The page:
In five days time, Springwood’s Debbie Robinson, 48, will find herself on the Kokoda Track — an arduous single-file foot thoroughfare that runs 96 kilometres overland through the Owen Stanley Range in Papua New Guinea.
She will take 10 days to complete the event, passing through rugged mountain ranges in the jungle and walking in the footsteps of courageous Australian men and women who tried to stem the Japanese advance.
Nine women will keep her company on the trail, including her touch footy buddy Leanne Adam, also 48, from Mount Riverview, as part of the first ‘PINK’ Kokoda Trek.
“Im a bit nervy about it,” Ms Robinson said. “I’ve completed two marathons so the physical side doesn’t really worry me, more the creepy crawlies,” she said.
Ms Adam, who has been training by completing up to 30kms bushwalks weekly for months around the Mountains, was also worried about the “unknown” and the “weather”.
PINK Kokoda Trek organiser Jane Prior said the event was about “empowering women” but also about raising awareness and money for Stanley’s Orphanage in the village of Efogi and McGrath Foundation.
“The Kokoda track journey represents sacrifice, courage, endurance, and mateship in each and every participant, reinforced with an emotional and inspiring visit to Bomana Cemetery at the completion of the trek,” she said.
Ms Robinson, a teacher, said she was looking forward to the challenge, the biggest she has encountered. She is a long distance runner and had planned to run the six foot track this year until that event was cancelled due to bad weather.
Most of the other women have been on bushwalks together to prepare for the event, she said.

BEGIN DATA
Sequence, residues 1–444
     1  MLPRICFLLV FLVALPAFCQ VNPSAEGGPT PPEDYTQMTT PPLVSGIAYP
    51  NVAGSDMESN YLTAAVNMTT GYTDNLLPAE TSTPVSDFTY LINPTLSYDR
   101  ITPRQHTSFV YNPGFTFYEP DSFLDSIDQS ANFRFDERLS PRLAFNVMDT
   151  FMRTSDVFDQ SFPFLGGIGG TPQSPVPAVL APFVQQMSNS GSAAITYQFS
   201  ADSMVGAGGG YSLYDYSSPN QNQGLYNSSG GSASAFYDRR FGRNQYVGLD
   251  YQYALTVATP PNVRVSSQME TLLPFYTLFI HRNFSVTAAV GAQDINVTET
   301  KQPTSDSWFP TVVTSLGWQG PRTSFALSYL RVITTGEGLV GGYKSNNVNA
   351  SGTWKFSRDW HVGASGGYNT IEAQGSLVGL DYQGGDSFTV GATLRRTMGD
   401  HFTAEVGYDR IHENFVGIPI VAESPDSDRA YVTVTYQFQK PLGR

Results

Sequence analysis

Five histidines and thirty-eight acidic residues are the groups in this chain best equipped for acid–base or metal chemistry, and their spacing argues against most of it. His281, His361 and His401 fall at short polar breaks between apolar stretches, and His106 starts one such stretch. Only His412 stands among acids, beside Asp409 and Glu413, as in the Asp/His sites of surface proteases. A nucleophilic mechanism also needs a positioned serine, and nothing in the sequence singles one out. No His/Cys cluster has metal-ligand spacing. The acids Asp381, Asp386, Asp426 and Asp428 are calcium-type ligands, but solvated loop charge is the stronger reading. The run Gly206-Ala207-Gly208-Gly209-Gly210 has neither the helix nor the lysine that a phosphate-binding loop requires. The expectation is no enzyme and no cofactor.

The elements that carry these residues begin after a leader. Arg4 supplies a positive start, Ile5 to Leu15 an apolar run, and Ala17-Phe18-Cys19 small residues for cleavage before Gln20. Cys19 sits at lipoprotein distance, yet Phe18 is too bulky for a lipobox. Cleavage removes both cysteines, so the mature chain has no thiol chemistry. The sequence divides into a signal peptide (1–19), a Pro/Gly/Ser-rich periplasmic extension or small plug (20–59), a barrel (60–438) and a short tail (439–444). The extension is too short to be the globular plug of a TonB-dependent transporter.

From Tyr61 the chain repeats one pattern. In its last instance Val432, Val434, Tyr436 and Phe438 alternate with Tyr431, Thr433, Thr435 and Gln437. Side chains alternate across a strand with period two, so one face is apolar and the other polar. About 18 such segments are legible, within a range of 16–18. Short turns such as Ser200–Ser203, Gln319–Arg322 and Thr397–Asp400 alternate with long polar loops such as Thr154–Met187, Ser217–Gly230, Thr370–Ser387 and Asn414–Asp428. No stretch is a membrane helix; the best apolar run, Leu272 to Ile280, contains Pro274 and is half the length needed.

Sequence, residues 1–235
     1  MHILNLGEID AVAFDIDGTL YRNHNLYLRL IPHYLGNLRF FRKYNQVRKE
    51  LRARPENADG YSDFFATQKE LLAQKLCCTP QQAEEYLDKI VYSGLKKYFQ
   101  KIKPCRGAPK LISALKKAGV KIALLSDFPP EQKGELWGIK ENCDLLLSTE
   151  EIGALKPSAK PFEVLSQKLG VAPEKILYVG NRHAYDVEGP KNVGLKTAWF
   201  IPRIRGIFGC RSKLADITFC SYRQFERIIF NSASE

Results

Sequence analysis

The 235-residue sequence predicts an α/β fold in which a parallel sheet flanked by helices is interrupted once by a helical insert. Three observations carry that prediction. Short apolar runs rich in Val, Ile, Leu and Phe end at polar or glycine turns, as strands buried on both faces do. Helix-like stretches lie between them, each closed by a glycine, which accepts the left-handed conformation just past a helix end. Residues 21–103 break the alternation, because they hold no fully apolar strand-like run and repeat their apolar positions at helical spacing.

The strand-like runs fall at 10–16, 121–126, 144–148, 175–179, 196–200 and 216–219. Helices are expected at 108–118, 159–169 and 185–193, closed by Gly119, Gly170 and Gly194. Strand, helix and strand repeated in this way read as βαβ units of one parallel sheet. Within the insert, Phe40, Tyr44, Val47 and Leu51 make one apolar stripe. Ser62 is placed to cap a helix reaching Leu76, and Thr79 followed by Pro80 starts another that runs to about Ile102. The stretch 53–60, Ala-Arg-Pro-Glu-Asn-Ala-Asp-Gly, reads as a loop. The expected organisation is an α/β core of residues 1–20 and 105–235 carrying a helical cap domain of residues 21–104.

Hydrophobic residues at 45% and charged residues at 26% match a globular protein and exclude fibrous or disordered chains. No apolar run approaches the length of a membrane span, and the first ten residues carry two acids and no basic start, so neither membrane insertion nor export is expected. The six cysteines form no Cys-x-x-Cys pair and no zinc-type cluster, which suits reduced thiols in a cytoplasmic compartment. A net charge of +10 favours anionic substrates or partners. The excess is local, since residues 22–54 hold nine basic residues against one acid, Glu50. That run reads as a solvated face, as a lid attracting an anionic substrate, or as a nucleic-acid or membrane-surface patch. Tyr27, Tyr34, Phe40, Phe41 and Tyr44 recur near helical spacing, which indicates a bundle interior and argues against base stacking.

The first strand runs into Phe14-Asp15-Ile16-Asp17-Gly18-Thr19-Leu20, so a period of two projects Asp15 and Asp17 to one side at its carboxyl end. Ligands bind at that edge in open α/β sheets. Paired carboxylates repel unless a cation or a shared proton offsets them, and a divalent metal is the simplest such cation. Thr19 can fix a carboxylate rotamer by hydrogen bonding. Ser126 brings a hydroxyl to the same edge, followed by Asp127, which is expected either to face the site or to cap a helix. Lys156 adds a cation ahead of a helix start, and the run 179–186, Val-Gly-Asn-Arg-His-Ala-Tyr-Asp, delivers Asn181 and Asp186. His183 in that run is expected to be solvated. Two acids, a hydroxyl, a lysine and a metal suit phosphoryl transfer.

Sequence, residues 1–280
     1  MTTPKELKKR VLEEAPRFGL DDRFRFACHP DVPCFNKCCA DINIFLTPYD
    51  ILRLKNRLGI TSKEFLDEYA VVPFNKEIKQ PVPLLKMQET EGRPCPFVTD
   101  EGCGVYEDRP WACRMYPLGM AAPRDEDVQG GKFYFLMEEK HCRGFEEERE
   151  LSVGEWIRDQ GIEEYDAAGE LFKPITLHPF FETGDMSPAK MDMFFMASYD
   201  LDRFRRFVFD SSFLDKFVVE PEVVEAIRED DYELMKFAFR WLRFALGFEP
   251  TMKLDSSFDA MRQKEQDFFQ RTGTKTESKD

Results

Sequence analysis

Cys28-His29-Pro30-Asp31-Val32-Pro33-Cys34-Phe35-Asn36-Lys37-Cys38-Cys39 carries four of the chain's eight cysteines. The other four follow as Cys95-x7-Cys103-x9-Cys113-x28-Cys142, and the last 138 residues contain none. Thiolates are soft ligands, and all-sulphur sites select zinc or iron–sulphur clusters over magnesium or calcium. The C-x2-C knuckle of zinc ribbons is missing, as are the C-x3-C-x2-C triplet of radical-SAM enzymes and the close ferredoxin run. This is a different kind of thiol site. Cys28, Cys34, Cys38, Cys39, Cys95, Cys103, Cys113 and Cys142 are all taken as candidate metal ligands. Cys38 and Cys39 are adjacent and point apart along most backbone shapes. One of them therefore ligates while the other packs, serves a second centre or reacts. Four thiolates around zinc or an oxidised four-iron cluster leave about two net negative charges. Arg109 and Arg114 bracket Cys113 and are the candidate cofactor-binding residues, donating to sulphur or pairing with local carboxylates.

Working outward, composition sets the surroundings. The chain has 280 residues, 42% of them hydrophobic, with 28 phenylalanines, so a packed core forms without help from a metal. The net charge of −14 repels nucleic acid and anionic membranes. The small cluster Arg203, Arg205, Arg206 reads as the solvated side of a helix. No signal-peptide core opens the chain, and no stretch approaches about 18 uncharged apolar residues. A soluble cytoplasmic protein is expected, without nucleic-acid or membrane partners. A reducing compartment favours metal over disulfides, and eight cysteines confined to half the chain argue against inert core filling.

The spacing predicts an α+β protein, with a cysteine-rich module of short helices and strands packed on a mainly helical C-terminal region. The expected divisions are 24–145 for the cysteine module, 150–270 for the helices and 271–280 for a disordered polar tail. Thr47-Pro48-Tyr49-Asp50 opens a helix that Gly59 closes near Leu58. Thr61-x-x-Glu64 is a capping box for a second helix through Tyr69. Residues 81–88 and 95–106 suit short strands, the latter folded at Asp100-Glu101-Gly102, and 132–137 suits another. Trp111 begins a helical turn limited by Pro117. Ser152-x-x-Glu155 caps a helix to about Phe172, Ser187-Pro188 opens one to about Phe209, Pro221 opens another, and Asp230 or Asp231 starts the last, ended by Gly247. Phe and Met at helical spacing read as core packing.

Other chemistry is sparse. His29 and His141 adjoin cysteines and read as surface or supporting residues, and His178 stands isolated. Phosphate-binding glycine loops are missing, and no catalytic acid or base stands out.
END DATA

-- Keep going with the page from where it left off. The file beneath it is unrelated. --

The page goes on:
Ms Prior, an Australian child protection officer, said the women planned to visit the “desperate and vulnerable” children at the Efogi orphanage and raise money to provide basic food and medical supplies.
“This orphanage is supported only by the local village and of Aidan Grimes of ‘Our Spirit’. We want to support Stanley’s Orphanage and the 17 children for the next 12 months, to cloth them, educate them and provide basic life needs such as food and medical supplies. The cost per child is $150 Australian dollars so our trek needs to raise a total of $2550 Australia dollars. This will make a real and sustainable difference and will empower the desperate and vulnerable children to live with dignity and develop self-sufficiency and independence.”
The women will stay at the orphanage half way through their trek and “help build a special education centre, whilst also caring, teaching and nurturing the children” during their visit. The trekkers and porters will carry clothes and educational supplies in their backpacks for the children who range in age from four to 14.
“The 10 ladies involved in this trek are going to follow in the footsteps of those who have gone before, to raise money and awareness for breast cancer and the McGrath foundation and to give back to the descendants of the ‘Fuzzy Wuzzy Angels’ and educate and provide the children of this third world country with basic human rights.
“We must protect, educate and nurture all children world-wide and give them the sense hope, dignity and to support them to reach their potential,” Ms Prior said.
Ms Adam said they were keen to help a good cause and she had already raised $1000 through friends and family. To donate to the trek send cheques to Our Spirit PTY LTD, c/ Jane Prior, 66 Playford Rd, PadstowHeights NSW 2211.